A few days ago, three astronomers from Mexico posted a paper online (PDF) claiming that an observation from 1883 indicates a small comet passed within a few thousand kilometers of the Earth’s surface, and perhaps as close as 500km! Had this hit us, we would’ve been hammered by thousands of explosions as powerful as the largest nuclear explosions ever detonated.
Here’s the deal. During the days of August 12 – 13, 1883, a Mexican astronomer named Jose A. y Bonilla reported seeing hundreds of objects passing directly in front of the Sun. They were small, appeared fuzzy, and left behind a misty appearance. In total, Bonilla says he saw 447 such objects!
The authors of this new work claim that what Bonilla may have seen was the remnants of a small comet that had previously fragmented. We’ve seen comets do this, and in fact it’s somewhat common. In 2006, Hubble took the picture shown above of the comet 73P/Schwassmann-Wachmann 3, which had recently disintegrated. So that part isn’t too far-fetched. However, once you make that assumption, things get pretty dicey.
The authors use the observations by Bonilla to estimate the distance and size of the comet fragments. Bonilla observed these objects at an observatory in Zacatecas, Mexico, but they were not seen transiting the Sun by any other observatories anywhere else. This can be used to narrow down their location; it means they must have been close to Earth. Had they been far away then other observatories would have seen them moving across the Sun. It’s like a bird flying by just outside your window; someone looking out a different window wouldn’t have seen it, but a bird a few hundred meters away would be visible to both.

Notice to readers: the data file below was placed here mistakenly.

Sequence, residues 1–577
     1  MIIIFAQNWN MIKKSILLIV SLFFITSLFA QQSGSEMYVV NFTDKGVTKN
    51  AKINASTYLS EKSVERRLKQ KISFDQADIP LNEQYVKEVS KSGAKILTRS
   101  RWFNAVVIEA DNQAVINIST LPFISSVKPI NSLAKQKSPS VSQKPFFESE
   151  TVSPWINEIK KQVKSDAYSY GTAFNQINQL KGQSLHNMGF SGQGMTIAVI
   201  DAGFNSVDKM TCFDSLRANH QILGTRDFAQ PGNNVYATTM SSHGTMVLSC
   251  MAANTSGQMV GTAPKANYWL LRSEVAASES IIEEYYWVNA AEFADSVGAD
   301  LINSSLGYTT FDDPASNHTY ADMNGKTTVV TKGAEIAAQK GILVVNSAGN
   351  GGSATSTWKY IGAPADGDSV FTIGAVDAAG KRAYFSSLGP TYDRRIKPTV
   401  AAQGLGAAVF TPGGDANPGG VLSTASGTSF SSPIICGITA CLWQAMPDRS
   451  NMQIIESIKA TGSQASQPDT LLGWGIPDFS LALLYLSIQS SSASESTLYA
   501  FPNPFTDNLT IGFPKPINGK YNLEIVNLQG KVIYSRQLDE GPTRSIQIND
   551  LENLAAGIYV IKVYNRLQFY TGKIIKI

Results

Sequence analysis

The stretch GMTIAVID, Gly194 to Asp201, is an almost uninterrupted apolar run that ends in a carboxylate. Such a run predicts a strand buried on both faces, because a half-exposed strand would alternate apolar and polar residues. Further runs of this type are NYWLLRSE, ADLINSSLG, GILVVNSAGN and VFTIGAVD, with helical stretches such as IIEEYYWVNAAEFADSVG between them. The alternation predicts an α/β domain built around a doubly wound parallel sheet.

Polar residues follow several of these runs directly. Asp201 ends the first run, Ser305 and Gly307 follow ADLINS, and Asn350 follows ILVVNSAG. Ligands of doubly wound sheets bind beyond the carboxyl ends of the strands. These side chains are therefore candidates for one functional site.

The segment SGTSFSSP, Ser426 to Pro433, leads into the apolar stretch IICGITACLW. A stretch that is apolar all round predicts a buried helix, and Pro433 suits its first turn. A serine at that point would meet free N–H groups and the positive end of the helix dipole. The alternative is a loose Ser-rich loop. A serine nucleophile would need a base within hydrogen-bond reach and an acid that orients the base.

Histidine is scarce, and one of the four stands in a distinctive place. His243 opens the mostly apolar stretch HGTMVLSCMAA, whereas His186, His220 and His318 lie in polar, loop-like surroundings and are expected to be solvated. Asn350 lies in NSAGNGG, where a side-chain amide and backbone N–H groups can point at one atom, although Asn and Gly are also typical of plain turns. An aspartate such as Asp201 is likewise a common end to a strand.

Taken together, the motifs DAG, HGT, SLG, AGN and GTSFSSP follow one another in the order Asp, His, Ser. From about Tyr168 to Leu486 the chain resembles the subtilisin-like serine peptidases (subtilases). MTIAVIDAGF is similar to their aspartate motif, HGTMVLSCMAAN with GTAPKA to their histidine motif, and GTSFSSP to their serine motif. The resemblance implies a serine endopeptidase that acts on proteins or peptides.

Doing some simple math, the authors calculate the comet fragments were no closer than about 500 km (300 miles) from the Earth’s surface, and no farther than about 65,000 km (40,000 miles).
This right there is enough for me to be extremely skeptical of this idea. When a comet breaks up, it spreads out. Even when intact, the material surrounding a comet can be tens or even hundreds of thousands of kilometers across! Claiming that a comet broke apart, yet managed to constrain its pieces to volume of space less than a few thousand kilometers across strains credulity.
Mind you, Bonilla claimed to have seen these objects over the course of two days. That means they would’ve been stretched out along a path that was a million km long at least, yet so narrow that only one observatory on Earth saw them transit the Sun. That is highly unlikely.
Worse, the very fact that no one else saw anything makes this claim even less tenable. A comet, even one that’s broken up, can be very bright, and the closer it is to us the brighter it can be. I have personally seen a comet in broad daylight! Even if this purported comet couldn’t be seen during the day for some reason, at some point in the days or weeks before or after these observations, the comet should have been visible in the evening sky (or at least at dusk or dawn). Yet no one saw anything.